JULY 31- AUGUST 1, 2015 16 AB 5775
“Comfort, comfort, My people, says your G-d.” (Yeshaya 40:1)
Our Haftarah contains prophecies that offered the people comfort and hope after the destruction of the First Temple. The greatest comfort for us would be the building of the Third Bet Hamikdash. However, given the current situation and the level of our people, how can this happen?
I believe that a discussion that occurred between Rabbi Shimshon Pincus zt”l and Rabbi Noah Weinberg zt”l contains the answer. Rabbi Weinberg was known for bringing back hundreds of Jews to teshubah. Jews that had almost no connection to their religion. So Rabbi Pincus asked how was this possible? For in earlier generations with tremendous effort a Rabbi could bring back two or perhaps three people. He answered with a parable. In a construction site one can witness a complete wall of reinforced concrete, which weighs ten tons, being placed on existing portions of the wall already in place. This is done by bringing a large crane that can lift this monstrous piece of solid concrete. While the concrete wall is in the air, one worker standing in the right place can move this heavy piece into place. How can one man move this huge section? Well, it’s easy. Once it is in the air, one puny man can move this entire section. The idea is, the Rabbi explained, that teshubah in our generation is different than in all the previous ones. The Rambam (Laws of Teshubah 7:5) says, “There is a promise from the Torah that at the end of the exile the Jewish people will make teshubah and right after that they will immediately be redeemed.” There is a special promise concerning our generation. In the earlier times, the Rabbi would have to “lift” the entire weight of the person to bring him back to his roots. Therefore, a tremendous effort was needed to bring him back. Nowadays, however, Hashem lifts up every Jew with a “crane” so that even a small effort, even by someone who doesn’t know too much how to do it, can bring back many people.
This is our situation today. This is our hope for a redemption and the building of the Bet Hamikdash. May this all fall into place soon in our day. Shabbat Shalom. Rabbi Reuven Semah
"And you shall watch yourselves very carefully." (Debarim 4:15)
From this verse, the Rabbis teach us that it is a misvah to watch our health. Even though it may seem unnecessary to command us to protect our health, the Torah felt it important enough to emphasize that we guard our welfare. This should encourage us to watch what we eat in terms of our weight and in terms of nutrition, especially as we get older. The evil inclination doesn't mind if we indulge in the wrong food and drink and then are unable to serve Hashem the next day. This admonition should help us strengthen our resolve to stay healthy , for it provides us with a misvah every time we do something beneficial for our health. Not coincidentally, the Torah doesn't say, "Watch your bodies," rather, "watch your souls," which is learned out to mean our bodies, in order to explain that the main reason we should be healthy is in order to use our souls properly to serve Hashem. A healthy body and a healthy soul, what a combination! Shabbat Shalom.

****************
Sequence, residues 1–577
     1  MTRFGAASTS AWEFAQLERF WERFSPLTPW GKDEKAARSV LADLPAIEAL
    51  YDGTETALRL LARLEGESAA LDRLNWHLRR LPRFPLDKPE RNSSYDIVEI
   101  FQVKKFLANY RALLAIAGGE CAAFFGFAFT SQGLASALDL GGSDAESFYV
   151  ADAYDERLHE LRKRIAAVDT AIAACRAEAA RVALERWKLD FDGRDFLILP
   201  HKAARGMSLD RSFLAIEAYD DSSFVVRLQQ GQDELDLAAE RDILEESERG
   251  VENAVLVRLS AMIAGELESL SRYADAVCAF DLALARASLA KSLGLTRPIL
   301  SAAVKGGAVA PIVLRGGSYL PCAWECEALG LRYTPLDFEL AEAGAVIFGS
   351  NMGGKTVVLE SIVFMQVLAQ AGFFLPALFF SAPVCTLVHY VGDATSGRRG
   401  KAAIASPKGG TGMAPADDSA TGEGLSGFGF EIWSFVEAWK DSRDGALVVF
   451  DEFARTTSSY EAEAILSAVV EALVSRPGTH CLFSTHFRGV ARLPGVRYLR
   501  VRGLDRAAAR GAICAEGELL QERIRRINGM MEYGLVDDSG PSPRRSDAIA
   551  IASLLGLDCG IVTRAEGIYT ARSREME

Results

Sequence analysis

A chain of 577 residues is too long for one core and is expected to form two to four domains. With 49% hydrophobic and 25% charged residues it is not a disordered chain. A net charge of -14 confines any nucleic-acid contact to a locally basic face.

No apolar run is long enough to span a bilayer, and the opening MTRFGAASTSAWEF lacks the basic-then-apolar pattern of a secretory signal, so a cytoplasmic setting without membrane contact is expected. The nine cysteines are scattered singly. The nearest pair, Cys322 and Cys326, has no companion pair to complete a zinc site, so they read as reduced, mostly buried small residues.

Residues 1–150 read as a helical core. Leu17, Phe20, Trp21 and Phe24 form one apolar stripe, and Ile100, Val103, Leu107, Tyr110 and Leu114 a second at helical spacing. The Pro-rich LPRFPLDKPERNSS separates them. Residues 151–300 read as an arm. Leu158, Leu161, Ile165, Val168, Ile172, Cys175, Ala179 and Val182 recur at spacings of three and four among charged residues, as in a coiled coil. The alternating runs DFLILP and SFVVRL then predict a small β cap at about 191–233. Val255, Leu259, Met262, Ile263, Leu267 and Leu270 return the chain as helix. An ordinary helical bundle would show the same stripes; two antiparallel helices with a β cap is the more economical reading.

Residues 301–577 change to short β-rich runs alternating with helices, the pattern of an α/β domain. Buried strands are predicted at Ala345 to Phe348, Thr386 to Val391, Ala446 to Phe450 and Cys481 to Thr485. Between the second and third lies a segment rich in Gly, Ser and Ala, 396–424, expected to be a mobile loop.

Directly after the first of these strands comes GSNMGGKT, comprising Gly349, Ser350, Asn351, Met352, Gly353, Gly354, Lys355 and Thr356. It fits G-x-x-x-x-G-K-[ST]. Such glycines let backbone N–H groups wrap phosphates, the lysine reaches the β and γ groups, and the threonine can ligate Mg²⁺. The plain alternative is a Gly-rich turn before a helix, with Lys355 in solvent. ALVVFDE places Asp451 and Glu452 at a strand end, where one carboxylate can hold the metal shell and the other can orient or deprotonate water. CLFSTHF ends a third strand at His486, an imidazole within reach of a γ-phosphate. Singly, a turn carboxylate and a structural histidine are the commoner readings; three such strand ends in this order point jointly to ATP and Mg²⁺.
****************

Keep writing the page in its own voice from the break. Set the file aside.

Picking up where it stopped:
Rabbi Shmuel Choueka
On the day Rabbi Avigdor Miller, zt”l, passed away, I listened to many eulogies commemorating his life. As each speaker delivered his heart-rending insights into the true greatness of this humble Sage, the Torah giant grew taller and taller in our minds. Many speakers dwelt on his special approach to Torah and life, which Rabbi Miller viewed as inseparable.
“He who possesses an understanding of the goodness of the world always rejoices. Life is full of intense pleasures that are available to all people, but many fail to appreciate them because of mistaken mental attitudes. ‘The Almighty saw all that He had made, and behold, it was very good!’ The Creator Himself declares that everything is not only good, but very good!” (Rabbi Avigdor Miller, Sing, You Righteous)
Rabbi Miller saw good in everything. On a cool, drizzly day, as he was savoring the refreshing sensation of the spray hitting his face, two women passed him in the street. “What a nasty day!” he overheard one woman comment to her companion. Rabbi Miller was shocked. How could someone take a negative view of what Hashem was providing?
When you are about to complain, stop and look for the positive in the situation. Taking this brief pause may cause you to turn around and go from disgruntled to happy! (One Minute with Yourself – Rabbi Raymond Beyda)
A quick tip to boost the power of your prayer. Hazal tell us (Masechet Baba Kama Daf 92A) that Hashem loves the tefilot of one Jew for another so much that anyone who prays on behalf of a fellow Jew with similar needs will have his prayer answered first. A special service has now begun to provide people with names of others who find themselves in a similar predicament. You can call with complete anonymity and get the name of someone to pray for and give the name of someone that needs our prayers. The name of the service is Kol Hamitpalel. Categories include: Marriage; Income; Health; To have children etc.
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